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Research aim: This study aims to examine the relationship between board independence and the performance of microfinance institutions (MFIs). Early studies on microfinance have made immense contributions, particularly in identifying the factors that influence performance. Studies addressing board independence and its impact on performance remain scarce.
Design/ Methodology/ Approach: This study utilised a panel dataset involving 80 MFIs in Bangladesh for the period of 2005–2018. A panel data regression technique was applied to measure the relationship between MFIs’ performance and board independence based on the 80 cross-sectional MFIs with 13 years of data.
Research findings: Our findings suggest that independent directors and board size facilitate MFIs to become financially sustainable. The findings also indicate that CEO duality enhances institutional sustainability but does not enhance outreach to the poor. While the results of this study partially support the proposition of stewardship theory, the proposition of agency theory is rejected. This indicates that MFIs in Bangladesh are operated by motivated agents with similar interests to the MFIs’ owners.
Theoretical contribution/ Originality: This investigation contributes to the microfinance governance literature by highlighting the argument that board independence reduces conflict between MFIs’ principle and agent. This study also contributes to the global debate concerning CEO duality and MFIs’ double bottom line performance from the perspective of a developing country, such as Bangladesh.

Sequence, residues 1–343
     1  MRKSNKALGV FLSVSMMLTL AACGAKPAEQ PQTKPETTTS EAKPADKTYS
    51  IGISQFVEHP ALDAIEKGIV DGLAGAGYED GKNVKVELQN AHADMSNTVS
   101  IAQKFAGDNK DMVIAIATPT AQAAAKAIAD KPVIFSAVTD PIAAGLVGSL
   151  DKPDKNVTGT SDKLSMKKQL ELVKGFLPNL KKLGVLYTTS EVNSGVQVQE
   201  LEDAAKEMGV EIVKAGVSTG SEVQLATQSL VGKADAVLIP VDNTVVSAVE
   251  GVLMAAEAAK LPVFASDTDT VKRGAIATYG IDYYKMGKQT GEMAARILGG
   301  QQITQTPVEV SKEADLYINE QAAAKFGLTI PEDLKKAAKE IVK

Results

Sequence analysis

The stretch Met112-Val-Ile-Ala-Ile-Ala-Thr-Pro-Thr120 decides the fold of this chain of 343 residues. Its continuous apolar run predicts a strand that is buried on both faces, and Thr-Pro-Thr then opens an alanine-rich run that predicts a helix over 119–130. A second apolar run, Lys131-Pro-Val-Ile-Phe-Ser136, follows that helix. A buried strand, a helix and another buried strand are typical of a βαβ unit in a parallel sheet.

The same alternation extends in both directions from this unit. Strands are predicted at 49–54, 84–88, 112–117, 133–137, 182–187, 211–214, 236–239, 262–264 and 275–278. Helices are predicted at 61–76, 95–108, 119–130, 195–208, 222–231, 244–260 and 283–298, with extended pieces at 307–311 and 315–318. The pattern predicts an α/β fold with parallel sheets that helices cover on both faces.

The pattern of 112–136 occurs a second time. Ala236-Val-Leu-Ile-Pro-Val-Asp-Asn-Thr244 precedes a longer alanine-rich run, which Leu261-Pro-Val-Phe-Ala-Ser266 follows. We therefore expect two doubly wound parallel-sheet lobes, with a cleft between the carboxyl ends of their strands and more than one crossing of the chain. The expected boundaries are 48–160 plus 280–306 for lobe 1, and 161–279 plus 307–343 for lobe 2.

Practitioner/ Policy implication: The practical implication of this research is on governance mechanisms in terms of their effectiveness, which is influenced by MFIs’ competence. Since board members should promote stakeholders’ interests rather than the interests of the organisation, there is a need for sound guiding principles that should form an integral part of the policy for better MFI governance practices.
Limitation/ Implication: The limitation of this study mainly concerns the lack of evidence concerning whether or not every licensed MFI in Bangladesh has non-manageable stakeholders. Similarly, this study fails to capture the insolvency level of customers. Future studies may expand on this approach and create a measure for MFIs’ outreach to the poor.
Keywords: Bangladesh, Board Independence, Governance, Microfinance
Type of article: Research paper
JEL Classification: G21, M41